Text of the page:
Substantive whataboutism, as I describe it here, operates as a form of analogical argument and can apply to a wide range of contexts. The crisis generated by Russia’s invasion of Ukraine has proven to be a particularly fertile environment for the thriving of such argumentative moves, which standardly seek to undermine either the case for condemning the invasion as a violation of the established international order, imposing sanctions against the Russian regime, or supporting Ukraine and Ukrainians. To get a better grasp of the way in which whataboutism is deployed, here is one example involving the situation of Ukrainians who have been forced to take refuge in neighbouring countries because of the war. Objecting to the idea that these countries should provide significant financial assistance to them, some have argued in the following manner: “You claim that our country should spend money helping Ukrainian refugees. But what about our own vulnerable citizens? The country hasn’t spent much money to help them. Since these cases are similar, our country should not help Ukrainian refugees either”. Alternatively, the argument can also appeal to previously performed actions (or lack thereof). For example, instead of helping a country’s own vulnerable citizens, the analogy can instead be tweaked to refer to Syrian refugees, which in the past have not been adequately cared for by many of Ukraine’s neighbours.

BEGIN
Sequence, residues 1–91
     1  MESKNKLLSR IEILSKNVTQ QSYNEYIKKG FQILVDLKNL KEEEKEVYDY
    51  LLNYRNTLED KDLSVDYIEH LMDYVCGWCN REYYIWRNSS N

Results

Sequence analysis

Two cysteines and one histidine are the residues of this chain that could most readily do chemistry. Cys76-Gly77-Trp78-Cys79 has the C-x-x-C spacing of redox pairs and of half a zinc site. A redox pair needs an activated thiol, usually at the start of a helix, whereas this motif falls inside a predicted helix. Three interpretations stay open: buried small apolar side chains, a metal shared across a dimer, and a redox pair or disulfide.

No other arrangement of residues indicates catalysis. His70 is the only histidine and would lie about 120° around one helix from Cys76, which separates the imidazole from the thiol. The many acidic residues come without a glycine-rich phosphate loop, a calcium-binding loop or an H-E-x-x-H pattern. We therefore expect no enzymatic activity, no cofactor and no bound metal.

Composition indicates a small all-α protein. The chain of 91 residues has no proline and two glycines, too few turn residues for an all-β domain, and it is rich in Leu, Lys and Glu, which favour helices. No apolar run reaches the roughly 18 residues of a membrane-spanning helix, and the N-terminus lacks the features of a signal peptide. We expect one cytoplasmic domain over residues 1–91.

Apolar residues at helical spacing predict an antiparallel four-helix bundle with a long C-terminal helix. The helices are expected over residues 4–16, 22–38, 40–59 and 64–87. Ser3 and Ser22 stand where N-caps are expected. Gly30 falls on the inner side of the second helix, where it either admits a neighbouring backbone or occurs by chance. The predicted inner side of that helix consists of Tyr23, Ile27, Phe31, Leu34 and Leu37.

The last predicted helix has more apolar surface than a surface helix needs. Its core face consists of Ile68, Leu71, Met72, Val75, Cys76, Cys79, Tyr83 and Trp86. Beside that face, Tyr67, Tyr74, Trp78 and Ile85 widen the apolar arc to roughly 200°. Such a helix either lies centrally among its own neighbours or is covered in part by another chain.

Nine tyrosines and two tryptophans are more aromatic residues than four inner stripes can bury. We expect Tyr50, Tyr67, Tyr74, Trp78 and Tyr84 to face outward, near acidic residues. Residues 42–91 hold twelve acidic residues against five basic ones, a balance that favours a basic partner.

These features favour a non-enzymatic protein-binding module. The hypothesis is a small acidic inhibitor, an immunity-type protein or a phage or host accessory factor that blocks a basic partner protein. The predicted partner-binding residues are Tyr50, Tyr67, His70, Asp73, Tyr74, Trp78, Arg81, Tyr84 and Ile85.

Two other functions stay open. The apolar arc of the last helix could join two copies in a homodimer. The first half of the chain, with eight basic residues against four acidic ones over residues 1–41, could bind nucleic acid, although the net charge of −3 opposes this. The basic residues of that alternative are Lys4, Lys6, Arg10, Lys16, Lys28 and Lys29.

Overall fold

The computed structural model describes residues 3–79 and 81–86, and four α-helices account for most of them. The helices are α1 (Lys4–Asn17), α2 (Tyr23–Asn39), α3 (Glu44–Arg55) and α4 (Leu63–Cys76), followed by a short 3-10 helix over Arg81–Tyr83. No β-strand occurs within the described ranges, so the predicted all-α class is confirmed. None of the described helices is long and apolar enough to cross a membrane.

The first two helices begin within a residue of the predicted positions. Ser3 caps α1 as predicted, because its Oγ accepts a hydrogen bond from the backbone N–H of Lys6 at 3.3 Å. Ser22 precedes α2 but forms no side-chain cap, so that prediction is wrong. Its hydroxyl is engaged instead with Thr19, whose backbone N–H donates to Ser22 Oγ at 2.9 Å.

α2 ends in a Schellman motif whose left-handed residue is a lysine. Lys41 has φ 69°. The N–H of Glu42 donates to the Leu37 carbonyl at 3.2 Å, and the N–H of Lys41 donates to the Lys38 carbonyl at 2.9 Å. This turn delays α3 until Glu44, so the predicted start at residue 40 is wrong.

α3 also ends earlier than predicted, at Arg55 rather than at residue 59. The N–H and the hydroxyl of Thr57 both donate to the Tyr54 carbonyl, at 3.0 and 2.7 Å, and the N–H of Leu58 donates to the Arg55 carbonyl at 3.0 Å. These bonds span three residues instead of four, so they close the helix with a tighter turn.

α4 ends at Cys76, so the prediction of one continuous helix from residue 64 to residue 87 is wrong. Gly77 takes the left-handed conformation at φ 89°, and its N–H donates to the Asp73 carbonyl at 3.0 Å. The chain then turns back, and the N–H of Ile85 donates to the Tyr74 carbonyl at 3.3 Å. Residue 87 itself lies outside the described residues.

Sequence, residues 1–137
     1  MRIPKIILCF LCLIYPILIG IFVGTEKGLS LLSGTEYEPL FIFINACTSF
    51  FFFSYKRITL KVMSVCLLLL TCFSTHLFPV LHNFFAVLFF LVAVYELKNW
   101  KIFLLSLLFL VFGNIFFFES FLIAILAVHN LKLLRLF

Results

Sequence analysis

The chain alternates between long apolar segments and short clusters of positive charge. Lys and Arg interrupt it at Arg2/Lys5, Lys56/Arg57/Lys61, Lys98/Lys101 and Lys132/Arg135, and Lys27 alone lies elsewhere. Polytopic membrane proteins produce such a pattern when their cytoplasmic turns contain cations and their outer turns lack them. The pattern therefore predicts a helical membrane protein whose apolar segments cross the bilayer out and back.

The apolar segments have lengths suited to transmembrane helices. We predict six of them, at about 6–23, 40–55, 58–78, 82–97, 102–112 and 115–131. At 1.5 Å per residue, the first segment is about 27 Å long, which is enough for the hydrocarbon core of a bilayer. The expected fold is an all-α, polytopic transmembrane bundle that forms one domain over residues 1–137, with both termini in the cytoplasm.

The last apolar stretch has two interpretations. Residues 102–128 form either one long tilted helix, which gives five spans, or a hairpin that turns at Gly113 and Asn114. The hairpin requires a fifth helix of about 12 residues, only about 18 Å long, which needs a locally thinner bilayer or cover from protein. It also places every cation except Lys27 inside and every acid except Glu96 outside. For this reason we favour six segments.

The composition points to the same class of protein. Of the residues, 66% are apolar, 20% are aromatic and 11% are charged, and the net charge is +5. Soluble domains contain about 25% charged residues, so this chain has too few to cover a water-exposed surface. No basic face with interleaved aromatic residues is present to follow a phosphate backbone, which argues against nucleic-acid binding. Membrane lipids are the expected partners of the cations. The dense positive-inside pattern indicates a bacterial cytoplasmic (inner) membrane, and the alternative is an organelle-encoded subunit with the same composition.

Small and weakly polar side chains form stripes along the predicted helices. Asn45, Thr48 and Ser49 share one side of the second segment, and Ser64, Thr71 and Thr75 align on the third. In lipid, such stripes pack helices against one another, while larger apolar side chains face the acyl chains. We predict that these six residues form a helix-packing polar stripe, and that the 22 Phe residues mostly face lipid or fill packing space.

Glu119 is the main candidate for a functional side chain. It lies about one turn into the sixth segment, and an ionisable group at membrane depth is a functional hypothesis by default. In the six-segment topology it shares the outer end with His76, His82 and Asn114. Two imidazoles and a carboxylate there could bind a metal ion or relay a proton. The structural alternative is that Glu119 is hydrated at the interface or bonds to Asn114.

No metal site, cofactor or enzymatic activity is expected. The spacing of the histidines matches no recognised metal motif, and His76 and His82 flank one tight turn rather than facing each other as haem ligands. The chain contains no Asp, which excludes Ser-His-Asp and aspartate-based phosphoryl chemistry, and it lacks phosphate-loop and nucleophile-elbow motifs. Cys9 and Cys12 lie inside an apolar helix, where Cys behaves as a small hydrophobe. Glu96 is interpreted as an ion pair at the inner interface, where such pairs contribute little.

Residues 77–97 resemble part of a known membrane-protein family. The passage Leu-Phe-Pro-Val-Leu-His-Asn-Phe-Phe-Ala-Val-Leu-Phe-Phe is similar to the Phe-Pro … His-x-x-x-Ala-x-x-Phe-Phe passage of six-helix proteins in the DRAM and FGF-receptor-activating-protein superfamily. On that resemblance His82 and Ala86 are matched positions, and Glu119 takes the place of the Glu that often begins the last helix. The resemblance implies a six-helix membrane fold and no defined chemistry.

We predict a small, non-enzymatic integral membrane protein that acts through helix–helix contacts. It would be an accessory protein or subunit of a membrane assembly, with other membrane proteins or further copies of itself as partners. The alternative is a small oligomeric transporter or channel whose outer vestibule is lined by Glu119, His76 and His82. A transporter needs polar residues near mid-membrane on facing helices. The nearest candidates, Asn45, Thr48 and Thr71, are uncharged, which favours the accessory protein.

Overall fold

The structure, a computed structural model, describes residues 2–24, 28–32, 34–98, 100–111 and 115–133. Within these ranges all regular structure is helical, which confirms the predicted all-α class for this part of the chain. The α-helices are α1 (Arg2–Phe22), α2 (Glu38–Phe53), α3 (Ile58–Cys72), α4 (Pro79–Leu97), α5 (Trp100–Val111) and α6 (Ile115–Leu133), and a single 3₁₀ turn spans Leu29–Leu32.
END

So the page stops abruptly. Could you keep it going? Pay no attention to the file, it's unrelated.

While we may feel an inclination to disagree with this position, the idea that there is indeed a certain similarity between the two cases is not unfounded. The reason is that our claim defending the support of Ukrainian refugees relies on a duty of justice which the state must satisfy and which it has failed to satisfy in the case of its own vulnerable citizens and in the case of past refugees. However, in order to reach the desired conclusion (which, at least when whataboutism is present in the public discourse on the Russian invasion is by and large conspicuously in favour of inaction), a further implicit move is made which is to treat consistency as the decisive criterion for our reasons to act. On this view, assuming that we cannot both alleviate poverty in our country and provide assistance for refugees we should do neither, since we have compelling reasons to do both and it would be inconsistent to only do one. But such a move is wrongheaded. Justice cannot be substituted for consistency as the primary moral driver for action in such cases, since consistency does not matter for its own sake but only insofar as it plays a part in enhancing or diminishing something which is morally valuable. Here, consistency does not only fail to enhance justice but is actually detrimental to it, since more people will have their urgent basic needs met if we do provide financial assistance to refugees, rather than if we would refrain from taking any action. This is also the case when it comes to the refugees treated much worse in the past by the same state. Acting consistently by refusing to grant Ukrainian refugees assistance because such assistance was previously refused for Syrian refugees can only serve to further amplify the injustice perpetrated by the state, instead of diminishing it.